My collecting institution has a small digital collection. Because the collection is rather small backing items up to DuraCloud or in a LOCKSS system are not feasible. Backing items up on the institution's server is currently happening, but there are currently no redundant copies of materials. DuraCloud and LOCKSS backs up items multiple times in multiple locations, but both of these cost about $4k per year.
Others have pointed out that there are a lot of similarities between backing up a "digital collection" and backing up just about any kind of data.
Some ways in which your situation may differ from a general data backup challenge:
Here's an overview of options, without going into too much detail on each. Any of the options may be combined as you see fit.
Some of the options may not be suitable for all collections. Some of these might not strictly qualify as "backups".
Accession by Others as Backup
Ad-hoc Reciprocal Storage
Find one or more organizations with similar interests or needs, and arrange to keep a copy of each other's data.
You can make this as simple or as complex as you want. Ideally, it should be automated unless your data is extremely static.
The BitTorrent option doesn't have a lot of benefit if there are only two sites participating. If you are looking at a larger number of sites, you may wish to consider the next option.
Private LOCKSS Network
In a lot of ways, a "private" LOCKSS network (as opposed to participation in the "global" LOCKSS network) is similar to the ad-hoc options listed above.
There will be some setup involved, and you may need to dedicate more computing resources to it than the ad-hoc methods.
One advantage of LOCKSS is that a lot of thought has gone into handling issues which you'll be dealing with yourself in some of the ad-hoc methods.
It also benefits from having a catchy name. ;-) (albeit trademarked -- read on)
The LOCKSS software itself is available under an open source (BSD) license. It's unclear if you need any kind of license to use the LOCKSS name itself.
Take External Media Offsite
Get a few hard drives or flash drives, and instead of exchanging them with another organization, place them in a safe deposit box or (depending on policy/etc) have staff members store them at home.
Simple but not automated, and somewhat more feasible due to the likely public nature of the data.
Commercial Online Backup Services
These are perhaps the most generic "backing up any kind of data" solutions. Your data is likely be have a different profile than traditional "backing up everyone's Documents folders in my company", so watch out for fine print in terms of "unlimited storage for a single computer" plans. Your data may not qualify.
Some providers / services:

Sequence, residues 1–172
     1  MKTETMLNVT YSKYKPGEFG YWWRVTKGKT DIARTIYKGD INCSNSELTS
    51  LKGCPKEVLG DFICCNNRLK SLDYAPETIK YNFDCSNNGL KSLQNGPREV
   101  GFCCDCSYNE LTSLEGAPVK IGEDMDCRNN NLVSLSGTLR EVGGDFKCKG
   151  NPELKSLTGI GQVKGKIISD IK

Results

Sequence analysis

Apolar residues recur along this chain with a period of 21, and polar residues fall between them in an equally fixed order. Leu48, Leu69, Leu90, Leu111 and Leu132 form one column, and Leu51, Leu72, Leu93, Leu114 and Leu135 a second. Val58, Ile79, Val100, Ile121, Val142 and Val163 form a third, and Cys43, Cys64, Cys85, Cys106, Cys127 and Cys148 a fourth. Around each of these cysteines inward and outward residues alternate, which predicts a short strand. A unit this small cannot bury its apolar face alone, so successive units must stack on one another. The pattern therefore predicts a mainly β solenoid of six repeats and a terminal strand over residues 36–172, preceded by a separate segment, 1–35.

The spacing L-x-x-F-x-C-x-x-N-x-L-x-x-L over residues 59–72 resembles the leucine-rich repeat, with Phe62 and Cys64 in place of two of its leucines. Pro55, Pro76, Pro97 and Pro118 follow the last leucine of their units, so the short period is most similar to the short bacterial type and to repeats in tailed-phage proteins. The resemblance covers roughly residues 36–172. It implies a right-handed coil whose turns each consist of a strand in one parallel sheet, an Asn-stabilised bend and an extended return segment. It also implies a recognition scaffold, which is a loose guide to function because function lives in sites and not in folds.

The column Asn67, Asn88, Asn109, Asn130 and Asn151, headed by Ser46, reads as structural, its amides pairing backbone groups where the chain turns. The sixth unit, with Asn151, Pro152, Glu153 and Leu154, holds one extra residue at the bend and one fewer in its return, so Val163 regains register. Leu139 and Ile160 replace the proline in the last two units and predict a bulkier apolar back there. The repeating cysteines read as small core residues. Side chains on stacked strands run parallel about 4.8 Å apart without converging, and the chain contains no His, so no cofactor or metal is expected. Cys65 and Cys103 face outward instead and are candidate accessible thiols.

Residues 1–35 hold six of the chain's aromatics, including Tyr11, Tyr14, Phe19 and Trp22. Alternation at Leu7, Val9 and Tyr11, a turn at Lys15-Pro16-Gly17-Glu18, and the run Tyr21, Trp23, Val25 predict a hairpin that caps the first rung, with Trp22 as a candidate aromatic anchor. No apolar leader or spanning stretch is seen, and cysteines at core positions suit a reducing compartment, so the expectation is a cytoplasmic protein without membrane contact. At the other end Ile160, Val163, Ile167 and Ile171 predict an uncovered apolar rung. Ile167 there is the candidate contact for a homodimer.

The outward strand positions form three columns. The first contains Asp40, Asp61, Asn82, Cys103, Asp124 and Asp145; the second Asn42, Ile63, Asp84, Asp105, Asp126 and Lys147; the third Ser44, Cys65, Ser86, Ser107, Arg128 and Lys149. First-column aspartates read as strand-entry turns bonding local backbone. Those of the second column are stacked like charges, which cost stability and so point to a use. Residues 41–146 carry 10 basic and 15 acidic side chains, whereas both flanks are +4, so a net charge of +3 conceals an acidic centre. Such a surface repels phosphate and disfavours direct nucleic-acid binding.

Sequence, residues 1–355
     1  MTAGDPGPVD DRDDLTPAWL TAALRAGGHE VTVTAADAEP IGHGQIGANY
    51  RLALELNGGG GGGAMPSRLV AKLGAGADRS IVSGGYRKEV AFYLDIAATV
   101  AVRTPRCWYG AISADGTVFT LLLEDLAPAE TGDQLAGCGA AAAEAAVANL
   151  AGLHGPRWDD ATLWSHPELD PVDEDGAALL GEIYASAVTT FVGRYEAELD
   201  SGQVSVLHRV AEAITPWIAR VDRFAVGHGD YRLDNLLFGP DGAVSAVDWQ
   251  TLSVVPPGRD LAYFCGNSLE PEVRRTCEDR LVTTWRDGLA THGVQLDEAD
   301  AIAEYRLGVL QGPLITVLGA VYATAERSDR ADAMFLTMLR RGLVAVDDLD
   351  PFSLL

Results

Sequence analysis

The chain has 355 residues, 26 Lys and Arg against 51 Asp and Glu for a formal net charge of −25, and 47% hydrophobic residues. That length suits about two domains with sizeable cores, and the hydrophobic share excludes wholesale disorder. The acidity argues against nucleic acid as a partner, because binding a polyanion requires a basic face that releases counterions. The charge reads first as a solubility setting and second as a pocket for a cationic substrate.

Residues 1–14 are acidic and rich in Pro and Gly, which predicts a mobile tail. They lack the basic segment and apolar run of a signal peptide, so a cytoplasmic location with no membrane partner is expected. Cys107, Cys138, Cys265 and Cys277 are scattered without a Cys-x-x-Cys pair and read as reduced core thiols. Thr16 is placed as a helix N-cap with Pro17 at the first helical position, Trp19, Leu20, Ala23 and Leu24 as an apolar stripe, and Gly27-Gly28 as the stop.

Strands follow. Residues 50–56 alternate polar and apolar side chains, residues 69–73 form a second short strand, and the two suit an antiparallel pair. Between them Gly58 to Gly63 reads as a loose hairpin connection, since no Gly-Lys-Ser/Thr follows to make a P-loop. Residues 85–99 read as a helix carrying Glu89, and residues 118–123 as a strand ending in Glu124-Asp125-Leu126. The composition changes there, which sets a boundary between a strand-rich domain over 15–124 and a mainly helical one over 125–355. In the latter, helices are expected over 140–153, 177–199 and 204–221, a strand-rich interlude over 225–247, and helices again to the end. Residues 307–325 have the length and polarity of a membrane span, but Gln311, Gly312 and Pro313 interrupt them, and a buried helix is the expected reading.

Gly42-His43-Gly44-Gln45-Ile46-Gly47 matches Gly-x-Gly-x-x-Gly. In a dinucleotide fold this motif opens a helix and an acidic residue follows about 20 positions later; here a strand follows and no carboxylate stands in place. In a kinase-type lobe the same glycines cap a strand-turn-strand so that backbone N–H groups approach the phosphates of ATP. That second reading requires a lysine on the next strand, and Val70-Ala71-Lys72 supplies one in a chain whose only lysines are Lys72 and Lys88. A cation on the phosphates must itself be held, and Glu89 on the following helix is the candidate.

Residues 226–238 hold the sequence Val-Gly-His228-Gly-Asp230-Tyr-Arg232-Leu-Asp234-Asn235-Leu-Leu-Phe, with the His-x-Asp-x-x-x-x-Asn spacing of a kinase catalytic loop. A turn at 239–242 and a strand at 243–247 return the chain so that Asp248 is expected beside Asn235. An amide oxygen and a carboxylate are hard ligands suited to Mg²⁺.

Some online backup services make use of storage platforms provided by other companies. See the next option for how you may be able to cut out the middleman by using those services directly.
Commodity Cloud Storage
There are a number of companies providing storage platforms supported by Application Programming Interfaces (APIs). You can use open source tools to copy your data into the storage platforms, where the data is then replicated to multiple physical locations.
(there are a huge number of software packages out there with support for these kinds of storage platforms, both open source and not)
This option is perhaps the easiest to put a price tag on:
Yearly cost for 20 GB of storage:
Providers may have specials for new users (X gb/mo free for the first Y months).
Your per-gigabyte costs may decrease with these providers once you pass a certain threshold. There's at least one study which indicates you can get better value from doing it yourself at certain levels of storage, but your mileage may vary.
Pricing is very similar, so you may want to pick the software first and the platform second -- unless you have a strong preference for/against any of the companies in question.
Extremely Generic Conclusion
There are some creative ways to back up digital collections. Use what works for you, start with the size you need, grow as you need to.
Thanks for putting thought into keeping your collection safe!
Small institutional collections have a lot in common with robust personal collections. Perhaps it would make sense to look at ways in which practices for backing up personal collections (for example, an off-site external drive or two on which your data is regularly backed up) and see if they can be integrated into your institution's data management practices. The challenge with this is that while it is a very cheap alternative, real effort needs to be made to make sure that this data doesn't get lost in your organization and that its management is systematic and rigorous.